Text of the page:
Smartphones are replacing your personal interactions
But perhaps the more damaging type of smartphone use is when you or your partner start to use them other than a way to facilitate better and easier communication in your relationship.
When you allow smartphones to become your main line of entertainment, connection to work and source of social stimulation, you allow smartphones to take over.
Your smartphone use starts to:
- Interfere with your personal interactions,
- Detract you from being in the present moment, and
- Numb you to your surrounding world.
Recognizing the negative impact of smartphone use is HARD
When you’re actively using your phone, whether for work or personal use, it can be difficult to recognize the ways it may be negatively impacting your relationship.
Because you often believe the technology use is necessary as a smartphone alert can take on a sense of urgency that you feel compelled to respond to immediately. You can be pressured to sacrifice quality time with your partner for a work call, a quick email, or to take care of business right away.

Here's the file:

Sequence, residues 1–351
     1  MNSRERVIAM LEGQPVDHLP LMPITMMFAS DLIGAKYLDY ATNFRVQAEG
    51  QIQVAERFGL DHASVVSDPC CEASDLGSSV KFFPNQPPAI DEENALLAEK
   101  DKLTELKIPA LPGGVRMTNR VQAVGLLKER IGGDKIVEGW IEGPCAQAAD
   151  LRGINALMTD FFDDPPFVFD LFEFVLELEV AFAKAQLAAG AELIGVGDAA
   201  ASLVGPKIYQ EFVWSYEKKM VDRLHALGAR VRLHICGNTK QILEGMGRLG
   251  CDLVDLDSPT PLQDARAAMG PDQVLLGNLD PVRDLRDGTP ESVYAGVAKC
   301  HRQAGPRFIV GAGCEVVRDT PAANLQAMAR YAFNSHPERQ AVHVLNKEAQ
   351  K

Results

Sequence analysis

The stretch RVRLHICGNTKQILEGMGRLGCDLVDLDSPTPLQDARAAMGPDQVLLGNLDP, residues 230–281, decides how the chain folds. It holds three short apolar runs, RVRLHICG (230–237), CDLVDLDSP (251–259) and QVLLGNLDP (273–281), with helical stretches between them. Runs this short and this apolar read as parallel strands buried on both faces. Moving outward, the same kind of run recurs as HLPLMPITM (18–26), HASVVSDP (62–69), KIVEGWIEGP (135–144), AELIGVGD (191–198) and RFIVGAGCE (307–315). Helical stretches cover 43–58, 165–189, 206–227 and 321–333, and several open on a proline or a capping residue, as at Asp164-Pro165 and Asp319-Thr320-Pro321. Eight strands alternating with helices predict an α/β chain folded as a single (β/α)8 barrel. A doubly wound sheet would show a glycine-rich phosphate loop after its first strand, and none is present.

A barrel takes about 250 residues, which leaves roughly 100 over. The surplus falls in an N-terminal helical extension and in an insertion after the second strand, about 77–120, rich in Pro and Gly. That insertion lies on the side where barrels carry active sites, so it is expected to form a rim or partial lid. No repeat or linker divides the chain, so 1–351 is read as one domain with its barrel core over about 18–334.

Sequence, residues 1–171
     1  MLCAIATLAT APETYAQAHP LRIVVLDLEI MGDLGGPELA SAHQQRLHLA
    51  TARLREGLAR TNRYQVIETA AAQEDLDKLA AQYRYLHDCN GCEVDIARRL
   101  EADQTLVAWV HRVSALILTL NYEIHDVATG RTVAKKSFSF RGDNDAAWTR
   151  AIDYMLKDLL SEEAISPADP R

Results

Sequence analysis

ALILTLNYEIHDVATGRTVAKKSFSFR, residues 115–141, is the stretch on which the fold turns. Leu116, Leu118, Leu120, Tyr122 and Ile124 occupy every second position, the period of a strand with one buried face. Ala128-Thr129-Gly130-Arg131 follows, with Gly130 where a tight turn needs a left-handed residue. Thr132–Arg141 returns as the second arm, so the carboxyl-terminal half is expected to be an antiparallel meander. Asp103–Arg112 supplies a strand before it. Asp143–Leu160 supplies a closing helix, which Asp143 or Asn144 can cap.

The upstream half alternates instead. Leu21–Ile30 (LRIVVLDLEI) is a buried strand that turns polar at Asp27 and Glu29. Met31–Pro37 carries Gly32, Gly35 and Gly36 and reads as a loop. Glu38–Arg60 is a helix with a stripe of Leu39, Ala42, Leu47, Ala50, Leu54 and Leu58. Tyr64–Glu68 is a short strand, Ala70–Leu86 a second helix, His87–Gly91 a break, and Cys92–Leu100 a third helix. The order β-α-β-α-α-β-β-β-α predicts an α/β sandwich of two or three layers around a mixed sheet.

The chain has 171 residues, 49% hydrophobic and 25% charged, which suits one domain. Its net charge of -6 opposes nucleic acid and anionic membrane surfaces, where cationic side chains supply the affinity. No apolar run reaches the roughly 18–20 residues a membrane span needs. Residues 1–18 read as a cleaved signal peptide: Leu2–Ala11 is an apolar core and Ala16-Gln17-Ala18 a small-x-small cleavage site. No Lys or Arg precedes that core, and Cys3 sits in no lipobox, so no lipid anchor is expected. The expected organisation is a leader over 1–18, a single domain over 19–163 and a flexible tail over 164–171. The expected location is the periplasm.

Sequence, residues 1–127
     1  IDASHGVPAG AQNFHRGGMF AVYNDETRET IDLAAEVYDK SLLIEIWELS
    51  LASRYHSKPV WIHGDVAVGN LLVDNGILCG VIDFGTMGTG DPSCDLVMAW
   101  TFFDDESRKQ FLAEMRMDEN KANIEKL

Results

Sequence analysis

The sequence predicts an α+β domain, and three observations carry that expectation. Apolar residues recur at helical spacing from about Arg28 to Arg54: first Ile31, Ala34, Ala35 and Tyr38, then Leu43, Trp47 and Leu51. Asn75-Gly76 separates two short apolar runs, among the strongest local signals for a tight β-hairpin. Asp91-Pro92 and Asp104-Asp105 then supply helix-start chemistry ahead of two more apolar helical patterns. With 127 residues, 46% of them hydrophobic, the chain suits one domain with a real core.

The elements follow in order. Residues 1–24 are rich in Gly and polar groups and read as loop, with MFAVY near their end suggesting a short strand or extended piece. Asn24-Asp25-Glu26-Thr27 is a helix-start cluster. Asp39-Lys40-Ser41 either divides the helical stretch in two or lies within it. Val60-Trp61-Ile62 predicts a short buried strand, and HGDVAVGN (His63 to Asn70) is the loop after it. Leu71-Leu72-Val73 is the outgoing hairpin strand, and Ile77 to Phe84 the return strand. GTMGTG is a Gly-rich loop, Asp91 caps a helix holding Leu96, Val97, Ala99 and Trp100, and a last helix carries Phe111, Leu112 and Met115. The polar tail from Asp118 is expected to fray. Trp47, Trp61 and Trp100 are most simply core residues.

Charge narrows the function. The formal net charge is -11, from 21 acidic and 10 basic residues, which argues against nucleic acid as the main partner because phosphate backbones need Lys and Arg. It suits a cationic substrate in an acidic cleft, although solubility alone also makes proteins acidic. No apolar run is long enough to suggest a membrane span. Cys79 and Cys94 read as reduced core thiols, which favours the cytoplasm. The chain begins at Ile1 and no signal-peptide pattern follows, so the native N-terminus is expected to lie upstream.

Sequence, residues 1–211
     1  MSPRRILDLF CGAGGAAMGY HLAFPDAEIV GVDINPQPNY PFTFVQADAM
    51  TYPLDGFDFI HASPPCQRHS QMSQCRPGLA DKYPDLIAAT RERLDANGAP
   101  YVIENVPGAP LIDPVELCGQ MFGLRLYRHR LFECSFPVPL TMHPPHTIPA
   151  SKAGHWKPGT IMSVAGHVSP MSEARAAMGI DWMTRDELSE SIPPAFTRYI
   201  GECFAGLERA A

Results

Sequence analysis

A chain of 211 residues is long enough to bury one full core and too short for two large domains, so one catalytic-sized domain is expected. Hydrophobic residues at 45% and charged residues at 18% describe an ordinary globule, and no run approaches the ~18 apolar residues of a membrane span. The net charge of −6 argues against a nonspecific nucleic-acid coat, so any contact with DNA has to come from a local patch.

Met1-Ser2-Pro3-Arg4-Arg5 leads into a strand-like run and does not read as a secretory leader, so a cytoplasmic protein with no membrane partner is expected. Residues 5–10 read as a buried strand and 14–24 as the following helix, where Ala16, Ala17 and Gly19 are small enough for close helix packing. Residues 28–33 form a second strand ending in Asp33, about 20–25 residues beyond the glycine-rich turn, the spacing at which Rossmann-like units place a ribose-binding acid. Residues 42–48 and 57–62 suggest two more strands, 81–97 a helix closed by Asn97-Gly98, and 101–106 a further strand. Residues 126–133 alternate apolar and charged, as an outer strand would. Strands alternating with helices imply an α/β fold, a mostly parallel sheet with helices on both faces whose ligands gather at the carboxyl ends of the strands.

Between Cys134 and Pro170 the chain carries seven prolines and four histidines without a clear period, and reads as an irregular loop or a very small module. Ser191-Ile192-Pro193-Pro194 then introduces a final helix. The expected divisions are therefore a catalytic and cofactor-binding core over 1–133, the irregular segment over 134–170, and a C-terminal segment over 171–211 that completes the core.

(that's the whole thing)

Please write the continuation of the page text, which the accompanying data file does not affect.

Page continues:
Or, smartphone use can also feel like an easy way to blow off steam. When stressed, you can grab your phone to quickly check an app or escape by playing a game.
Regardless of the reason for your smartphone use, you’ve convinced yourself that you are capable of dividing your attention equally between your technology AND your partner… AND still be able to meet their needs.
The difficulty arises when it feels like you are competing with your partner’s smartphone for their attention or vice versa. It’s become normal to have a phone in one hand while having dinner, on a romantic walk, or even lying in bed together.
It’s your smartphone use creating the problem…
The problem comes when you become so attached to your phone that you are no longer able to function without it.
You become addicted and fuel this addictive behavior with the notion that your phone is essential to the way you operate in the world, including the way you maintain your relationship.
Then your partner begins to feel like you’re in a relationship with your phone rather than them.
To address this, you have to become really honest about:
- The reasons you are using your phone,
- How it enhances your life, and
- How it takes away from your relationship.
But, if it’s your partner’s smartphone use that’s the problem…
You can learn to identify what about their technology is problematic for you.